gamvar varnish and acrylic paintings

After I wrote a recent post about Varnishing Oil Paintings with Gamblin Gamvar, I received some questions regarding how to varnish acrylic paintings. I don’t really work with acrylics anymore but I do have some acrylic paintings laying around from a few years ago. So, I decided to experiment with a small painting – my first still life painted from life.

On Gamblin’s site it states that Gamvar can be used on oil and acrylic paintings and that Gamvar can be easily removed with Gamsol in the future when needed. So I decided to test this method on acrylic paintings to see how the paint would react or hold up to the Gamsol. Would I have to put an isolation layer on the acrylic painting before varnishing? Would the Gamsol ruin the paint layer? These were questions I had and wanted to find answers to.

I varnished this painting about 2 days ago using the same method outlined in this post: Varnishing Oil Paintings with Gamblin Gamvar. It was dry after 2 days no problem.

painting-varnished

I used Gamsol, some cotton balls, a paper towel and an eye dropper. The cotton balls actually weren’t the best idea. I’d recommend using some kind of low-lint cloth if you have any laying around, old t-shirt, etc. Paper towel isn’t the best either but I used it quite lightly to minimize fibers coming off.

varnishing-materials-for-removal

I then began to remove the varnish but only for half the painting, so the results would be more dramatic for this experiment. I started by using the eye dropper and placed some drops of Gamsol on half of the painting and then spread it around using the paper towel.

gamsol-with-eyedropper
half-varnish-half-gamsol

I let it sit for a minute or two and then rubbed it off best I could with the dry side of the paper towel.

removing-gamsol-with-paper-towel

Give it a few more minutes and you should notice a difference in surface quality – the varnish should be removed and that side of the painting should be matte, not glossy like the varnish. You can see a subtle difference in the photos below.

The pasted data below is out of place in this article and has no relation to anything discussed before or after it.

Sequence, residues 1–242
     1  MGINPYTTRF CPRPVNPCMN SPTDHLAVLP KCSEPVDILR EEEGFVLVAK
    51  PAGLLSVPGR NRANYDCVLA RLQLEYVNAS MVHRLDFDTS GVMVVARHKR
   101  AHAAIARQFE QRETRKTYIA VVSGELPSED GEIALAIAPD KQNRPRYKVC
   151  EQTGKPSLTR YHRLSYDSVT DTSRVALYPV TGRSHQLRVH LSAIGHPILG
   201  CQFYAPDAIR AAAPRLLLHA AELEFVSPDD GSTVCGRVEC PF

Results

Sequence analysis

surface-quality-difference-varnish
subtle-sheen-difference-varnish

No paint was removed and the paint layer seems unharmed. And the varnish is removed! It would seem to me that Gamvar is perfectly fine to use with acrylics and there isn’t much to worry about when the varnished needs to be removed in the far future for cleaning and reapplication. Hope you found this experiment helpful.

Why Use Gamvar instead of other Varnishes?

I’ve used and have tried other varnishes in the past and I haven’t found one as good or as easy to use as Gamvar. When you use it correctly, only minimal varnish is needed to cover the surface so the bottle will last a while and also you don’t have to worry about streaks in the varnish. If you have brush streaks while using Gamvar, you are using way too much. It’s also easy to remove with just Gamsol. Gamvar can be applied once your painting is dry to the touch and it will not yellow in time. These are just a few reasons why I use it.

This post is not sponsored by Gamblin or anything like that – I’m simply just stating my opinion about a product that I fine to be of great quality. Have fun with your painting and varnishing.

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